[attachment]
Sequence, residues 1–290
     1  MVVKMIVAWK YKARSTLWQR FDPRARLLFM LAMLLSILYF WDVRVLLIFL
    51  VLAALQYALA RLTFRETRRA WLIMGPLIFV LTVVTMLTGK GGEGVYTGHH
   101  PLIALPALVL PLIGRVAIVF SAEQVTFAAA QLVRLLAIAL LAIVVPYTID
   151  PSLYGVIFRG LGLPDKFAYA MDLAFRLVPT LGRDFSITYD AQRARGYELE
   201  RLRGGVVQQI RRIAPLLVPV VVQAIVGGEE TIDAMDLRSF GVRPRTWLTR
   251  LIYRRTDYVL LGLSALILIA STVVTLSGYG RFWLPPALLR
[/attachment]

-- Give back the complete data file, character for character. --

Sequence, residues 1–290
     1  MVVKMIVAWK YKARSTLWQR FDPRARLLFM LAMLLSILYF WDVRVLLIFL
    51  VLAALQYALA RLTFRETRRA WLIMGPLIFV LTVVTMLTGK GGEGVYTGHH
   101  PLIALPALVL PLIGRVAIVF SAEQVTFAAA QLVRLLAIAL LAIVVPYTID
   151  PSLYGVIFRG LGLPDKFAYA MDLAFRLVPT LGRDFSITYD AQRARGYELE
   201  RLRGGVVQQI RRIAPLLVPV VVQAIVGGEE TIDAMDLRSF GVRPRTWLTR
   251  LIYRRTDYVL LGLSALILIA STVVTLSGYG RFWLPPALLR